Restore Justice recently wrote about Austin Police Department chief, Art Acevedo, embracing a study that uses data to show the disparity in racial policing in the department. Now, an Austin media outlet has released a recording they obtained of Acevedo voicing his frustration to the department’s top brass about two high profile incidents that the department was recently involved in.
Over the summer, Acevedo held a meeting with his command staff to address the need for active leadership as well as to discuss a pair of APD cases that drew a lot of attention and criticism – the arrest of Breaion King and the shooting of David Joseph.
In the recording obtained by KVUE’s Tony Plohetski, Acevedo can be heard saying, “we are at the crossroads in American policing. And the problem ain’t the cops. The problem is the leadership.”
Acevedo’s statement sheds light on an issue that reaches far beyond Austin’s city limits and should not be discounted. Those seeking reform in policing have long argued that no change can be made without a top-down approach. As the head of APD, Acevedo has continuously taken steps to not only improve relations between Austin residents and police, but to also encourage transparency.
On the arrest of Breaion King – an Austin teacher who was pulled over, violently pulled out of her car, and arrested after telling the officer, Brian Richter, to “hurry up” – Acevedo condemns Richter’s actions, stating that they were in no way justifiable.
“She wasn’t going with the program. Who gives a [expletive]? You know what? Millennials ask questions, get over it,” the chief is heard saying, “that was such an easy stop to de-escalate…And I am sickened that somehow people are still trying to justify Richter.” He continued, “Had that been a pretty white girl in her Sunday best dress, I don’t think that Richter would have responded – acting the same exact way – I don’t think that Richter would have responded that way.”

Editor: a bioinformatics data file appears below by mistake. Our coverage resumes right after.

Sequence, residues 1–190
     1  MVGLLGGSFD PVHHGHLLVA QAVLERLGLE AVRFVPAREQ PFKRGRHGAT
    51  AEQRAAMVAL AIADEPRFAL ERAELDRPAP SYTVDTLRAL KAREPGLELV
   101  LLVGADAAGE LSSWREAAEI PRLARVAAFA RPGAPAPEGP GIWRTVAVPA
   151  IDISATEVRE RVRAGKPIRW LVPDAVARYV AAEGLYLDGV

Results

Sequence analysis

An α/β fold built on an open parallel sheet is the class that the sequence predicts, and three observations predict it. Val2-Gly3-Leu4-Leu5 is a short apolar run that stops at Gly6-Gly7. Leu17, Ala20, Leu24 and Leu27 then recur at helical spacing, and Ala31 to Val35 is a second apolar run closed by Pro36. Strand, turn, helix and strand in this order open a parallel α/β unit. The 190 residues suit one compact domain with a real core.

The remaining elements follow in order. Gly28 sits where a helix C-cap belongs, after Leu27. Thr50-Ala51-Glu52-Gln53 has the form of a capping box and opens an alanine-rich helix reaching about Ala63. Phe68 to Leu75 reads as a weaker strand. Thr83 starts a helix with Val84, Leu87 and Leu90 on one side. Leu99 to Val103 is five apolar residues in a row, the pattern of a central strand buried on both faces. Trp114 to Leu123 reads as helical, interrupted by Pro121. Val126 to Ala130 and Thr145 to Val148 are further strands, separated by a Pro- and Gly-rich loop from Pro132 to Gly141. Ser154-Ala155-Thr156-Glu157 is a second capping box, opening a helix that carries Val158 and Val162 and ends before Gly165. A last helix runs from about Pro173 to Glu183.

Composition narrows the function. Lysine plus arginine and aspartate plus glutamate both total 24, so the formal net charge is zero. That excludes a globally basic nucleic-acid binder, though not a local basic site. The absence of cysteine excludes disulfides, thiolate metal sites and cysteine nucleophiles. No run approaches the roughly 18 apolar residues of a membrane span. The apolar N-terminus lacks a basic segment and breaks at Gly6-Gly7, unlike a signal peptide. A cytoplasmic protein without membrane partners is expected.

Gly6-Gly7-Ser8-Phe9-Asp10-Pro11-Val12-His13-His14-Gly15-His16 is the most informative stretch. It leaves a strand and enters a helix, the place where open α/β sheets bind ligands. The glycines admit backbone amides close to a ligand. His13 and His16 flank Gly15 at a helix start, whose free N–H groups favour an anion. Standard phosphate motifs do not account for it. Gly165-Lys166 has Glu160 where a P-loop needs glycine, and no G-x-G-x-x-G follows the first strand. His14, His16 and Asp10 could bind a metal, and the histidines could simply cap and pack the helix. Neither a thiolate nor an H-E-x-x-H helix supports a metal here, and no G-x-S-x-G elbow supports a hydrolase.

King has since filed a lawsuit against the City of Austin.
Acevedo gave an equally passionate, yet forceful, rebuke when discussing the Joseph shooting. David Joseph was an unarmed, naked teenager who was shot two times while running towards APD Officer Geoffrey Freeman.
“If you can’t handle a 19-year-old kid in broad daylight, naked, and your first instinct is to come out with your gun, and your next instinct is to shoot the kid dead? You don’t need to be a cop, I don’t give a [expletive] how nice you are.”
He went on to say that the union and many on his staff disagreed with his firing of Freeman, but that he didn’t lose any sleep over it.
Following the release of the recording the chief tweeted,
“It’s important to note that my message was directed at a couple of folks [and] the very vast majority of our people are outstanding!” He also called into Koke FM, an Austin-based radio station, to respond to the video release.
Acevedo is right – law enforcement in America is at a critical crossroads and the path that they choose to take regarding policy will have lasting impacts. He’s also correct in saying that a majority of law enforcement are outstanding which shouldn’t be overshadowed by the actions of a select few who choose to act otherwise. But, it will take strong leadership to force that change. As the chief noted in the video, “the problem is leadership that lacks the intestinal fortitude to make the tough calls.”